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You Visit Tour. Webb Lion Fountain. June 1 2017. Photo David B. Hollingsworth

ESPN’s Jay Harris Discusses Changing Media Landscape During Visit to ODU

By Matty Madden

Jay Harris is a name a lot of Old Dominion University students may recognize. He is an alumnus of ODU, a recipient of the Distinguished Alumni Award and an anchor on ESPN's SportsCenter. Harris graduated from ODU in 1987 and was the keynote speaker for the 100th commencement ceremony in 2003. This week he visited his alma mater and appeared at several events for the Department of Communication & Theatre Arts, where he earned his degree.

In the signature event of his visit, Harris held an informal "conversation" at Chandler Recital Hall with fellow broadcasting alum Mitch Brown '15, touching on everything from his 30-plus-year career as a broadcaster to how students can break into the challenging profession.

"You're still telling stories," Harris told Brown about how the industry has changed. "There's so many modes of distribution now. It's there, you can do it. But don't forget the basics. If you can't write, if you can't tell a story, you can't convey information, you're no good to me."

Harris grew up in Chapel Hill, N.C., which heavily influenced his decision to attend Old Dominion.

"I chose Old Dominion because it reminded me of my high school in Chapel Hill," he said. "I knew I was going to college in the Hampton Roads area because I wanted to spend time with my dad, and ODU just felt right."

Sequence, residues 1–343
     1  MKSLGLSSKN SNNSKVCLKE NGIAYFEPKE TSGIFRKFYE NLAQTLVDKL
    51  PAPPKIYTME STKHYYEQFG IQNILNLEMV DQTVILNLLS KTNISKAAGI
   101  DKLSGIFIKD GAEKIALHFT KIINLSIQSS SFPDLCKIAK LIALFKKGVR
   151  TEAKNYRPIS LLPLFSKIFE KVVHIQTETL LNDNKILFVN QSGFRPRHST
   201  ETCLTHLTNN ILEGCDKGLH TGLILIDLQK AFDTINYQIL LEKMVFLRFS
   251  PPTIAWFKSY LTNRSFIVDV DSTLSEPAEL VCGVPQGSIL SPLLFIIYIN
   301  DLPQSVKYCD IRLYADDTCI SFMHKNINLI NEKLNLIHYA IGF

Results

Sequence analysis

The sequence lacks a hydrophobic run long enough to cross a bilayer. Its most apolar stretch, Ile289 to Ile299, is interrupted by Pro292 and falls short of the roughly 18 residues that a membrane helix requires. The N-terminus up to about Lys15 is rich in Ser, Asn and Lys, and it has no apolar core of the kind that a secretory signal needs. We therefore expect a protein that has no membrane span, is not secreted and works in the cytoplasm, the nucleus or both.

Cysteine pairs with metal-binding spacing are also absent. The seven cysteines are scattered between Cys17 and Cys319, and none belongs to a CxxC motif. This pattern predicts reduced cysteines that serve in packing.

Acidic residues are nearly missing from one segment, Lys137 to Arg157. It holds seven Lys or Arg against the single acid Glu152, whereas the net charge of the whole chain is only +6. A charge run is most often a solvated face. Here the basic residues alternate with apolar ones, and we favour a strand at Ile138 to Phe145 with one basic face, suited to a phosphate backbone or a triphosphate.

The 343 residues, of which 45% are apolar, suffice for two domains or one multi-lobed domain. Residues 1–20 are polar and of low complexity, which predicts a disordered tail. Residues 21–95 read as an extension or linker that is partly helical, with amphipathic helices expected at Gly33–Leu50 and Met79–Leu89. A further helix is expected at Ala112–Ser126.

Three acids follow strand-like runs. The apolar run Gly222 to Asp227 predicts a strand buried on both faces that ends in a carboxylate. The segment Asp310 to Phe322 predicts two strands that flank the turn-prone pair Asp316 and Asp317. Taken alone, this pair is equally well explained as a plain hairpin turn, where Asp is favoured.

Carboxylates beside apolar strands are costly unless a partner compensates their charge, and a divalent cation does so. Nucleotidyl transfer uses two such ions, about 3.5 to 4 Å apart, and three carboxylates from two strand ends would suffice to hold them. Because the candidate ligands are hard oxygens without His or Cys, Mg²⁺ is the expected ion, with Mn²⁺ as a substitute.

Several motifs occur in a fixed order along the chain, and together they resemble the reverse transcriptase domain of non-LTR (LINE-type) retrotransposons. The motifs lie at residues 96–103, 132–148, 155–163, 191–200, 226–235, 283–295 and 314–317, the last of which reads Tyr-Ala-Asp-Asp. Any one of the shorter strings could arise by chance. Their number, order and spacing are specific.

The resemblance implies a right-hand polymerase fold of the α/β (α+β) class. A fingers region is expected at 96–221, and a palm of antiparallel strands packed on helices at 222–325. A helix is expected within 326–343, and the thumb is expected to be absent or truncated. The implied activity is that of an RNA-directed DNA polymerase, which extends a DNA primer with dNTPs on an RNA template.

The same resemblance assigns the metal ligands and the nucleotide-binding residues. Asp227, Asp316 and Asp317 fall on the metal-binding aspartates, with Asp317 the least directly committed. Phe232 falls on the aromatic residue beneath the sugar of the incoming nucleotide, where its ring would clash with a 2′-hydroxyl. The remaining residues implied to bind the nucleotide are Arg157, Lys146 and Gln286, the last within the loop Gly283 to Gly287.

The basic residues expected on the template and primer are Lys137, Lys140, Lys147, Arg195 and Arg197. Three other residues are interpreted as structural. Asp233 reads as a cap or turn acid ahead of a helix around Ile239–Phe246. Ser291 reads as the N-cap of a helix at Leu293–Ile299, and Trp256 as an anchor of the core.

Harris didn't originally intend to focus on sports. He held an interest in journalism because he had taken a career aptitude test that suggested it as a career for him.

"I scored well in the area of interpersonal skills, and journalism was a suggested career field," he said. "I've always like to write, and talk, so I made my decision right there."

After graduating from Old Dominion, Harris worked as a weeknight news anchor for WPGH-TV in Pittsburgh, Pa., for about 12 years. When his contract was nearing its end, he decided to send his reel to a friend for a critique.

"He worked at ESPN," Harris said. "He showed my tape around, and they liked me. I wasn't looking for a job in sports. I'd spent 12 years working in news. They brought me in for an audition and interview, and the rest is history."

On his visit, Harris also held a brown bag lunch with student-athletes in Communication & Theatre Arts, conducted a workshop with television broadcasting students and delivered a lecture in a new media technologies class.

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